According to Fundable, angel investors invest in approximately 61,900 com- panies per year, which is 16 times the number of investments made by venture capitalists.23
2. Venture capital
Venture capital is money that is invested by venture capital firms in start-ups and small businesses with exceptional growth potential.24 There are about 875 venture capital firms in existence, which have approximately $193 billion un- der management. In 2013, venture capital firms invested $29.6 billion in just over 4,041 deals.25 The peak year for venture capital investing was 2000, when $98.6 billion was invested at the height of the e-commerce craze. A distinct dif- ference between angel investors and venture capital firms is that angels tend to invest earlier in the life of a company, whereas venture capitalists come in later. The majority of venture capital money goes to follow-on funding for busi- nesses that were originally funded by angel investors, government programs (which are discussed later in the chapter), or by some other means.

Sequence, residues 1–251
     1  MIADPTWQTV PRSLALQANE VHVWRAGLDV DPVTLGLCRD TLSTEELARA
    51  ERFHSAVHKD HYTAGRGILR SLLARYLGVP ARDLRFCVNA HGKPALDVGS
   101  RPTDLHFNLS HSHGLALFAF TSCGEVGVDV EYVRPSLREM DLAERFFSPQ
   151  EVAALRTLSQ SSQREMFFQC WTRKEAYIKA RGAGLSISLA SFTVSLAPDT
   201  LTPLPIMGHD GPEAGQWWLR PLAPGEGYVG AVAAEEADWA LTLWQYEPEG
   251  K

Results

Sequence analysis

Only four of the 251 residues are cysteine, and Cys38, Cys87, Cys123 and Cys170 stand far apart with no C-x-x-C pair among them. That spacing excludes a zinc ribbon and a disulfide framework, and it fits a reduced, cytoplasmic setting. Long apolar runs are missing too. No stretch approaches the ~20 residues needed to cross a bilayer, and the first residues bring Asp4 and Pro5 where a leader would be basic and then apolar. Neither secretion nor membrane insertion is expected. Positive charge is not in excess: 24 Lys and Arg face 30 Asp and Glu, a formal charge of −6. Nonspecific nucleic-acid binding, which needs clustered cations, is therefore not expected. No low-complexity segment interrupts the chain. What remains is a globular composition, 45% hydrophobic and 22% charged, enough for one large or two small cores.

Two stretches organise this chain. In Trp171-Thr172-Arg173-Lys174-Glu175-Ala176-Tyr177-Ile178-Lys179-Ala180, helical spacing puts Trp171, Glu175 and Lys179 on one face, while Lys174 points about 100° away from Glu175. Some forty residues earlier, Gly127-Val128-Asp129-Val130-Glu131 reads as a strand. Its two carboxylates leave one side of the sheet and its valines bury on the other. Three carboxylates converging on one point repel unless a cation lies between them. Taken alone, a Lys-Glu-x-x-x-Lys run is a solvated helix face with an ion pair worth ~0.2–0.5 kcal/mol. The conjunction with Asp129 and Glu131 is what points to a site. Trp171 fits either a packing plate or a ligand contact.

Venture capital firms are limited partnerships of money managers who raise money in “funds” to invest in start-ups and growing firms. The funds, or pools of money, are raised from high-net-worth individuals, pension plans, university endowments, foreign investors, and similar sources. In 2013, the average fund size was $110.3 million.26 The investors who invest in venture capital funds are called limited partners. The venture capitalists, who man- age the fund, are called general partners. The venture capitalists who manage the fund receive an annual management fee in addition to 20 to 25 percent of the profits earned by the fund. The percentage of the profits the venture capi- talists get is called the carry. So if a venture capital firm raised a $100 million fund and the fund grew to $500 million, a 20 percent carry means that the firm would get, after repaying the original $100 million, 20 percent of the $400 million in profits, or $80 million. Some venture capital firms invest in specific areas. For example, Foundry Group invests in information technology start- ups.27 Similarly, BEV Capital invests exclusively in consumer-oriented busi- nesses, such as 1800diapers and Redfin.28